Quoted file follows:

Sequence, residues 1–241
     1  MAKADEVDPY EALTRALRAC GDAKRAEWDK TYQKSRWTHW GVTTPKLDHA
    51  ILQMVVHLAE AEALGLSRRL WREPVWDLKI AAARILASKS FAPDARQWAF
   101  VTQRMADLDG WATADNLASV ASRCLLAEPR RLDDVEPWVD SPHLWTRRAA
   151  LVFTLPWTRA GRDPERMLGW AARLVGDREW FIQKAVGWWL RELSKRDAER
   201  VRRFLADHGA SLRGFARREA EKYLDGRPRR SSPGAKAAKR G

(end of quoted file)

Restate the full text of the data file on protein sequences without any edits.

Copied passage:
Sequence, residues 1–241
     1  MAKADEVDPY EALTRALRAC GDAKRAEWDK TYQKSRWTHW GVTTPKLDHA
    51  ILQMVVHLAE AEALGLSRRL WREPVWDLKI AAARILASKS FAPDARQWAF
   101  VTQRMADLDG WATADNLASV ASRCLLAEPR RLDDVEPWVD SPHLWTRRAA
   151  LVFTLPWTRA GRDPERMLGW AARLVGDREW FIQKAVGWWL RELSKRDAER
   201  VRRFLADHGA SLRGFARREA EKYLDGRPRR SSPGAKAAKR G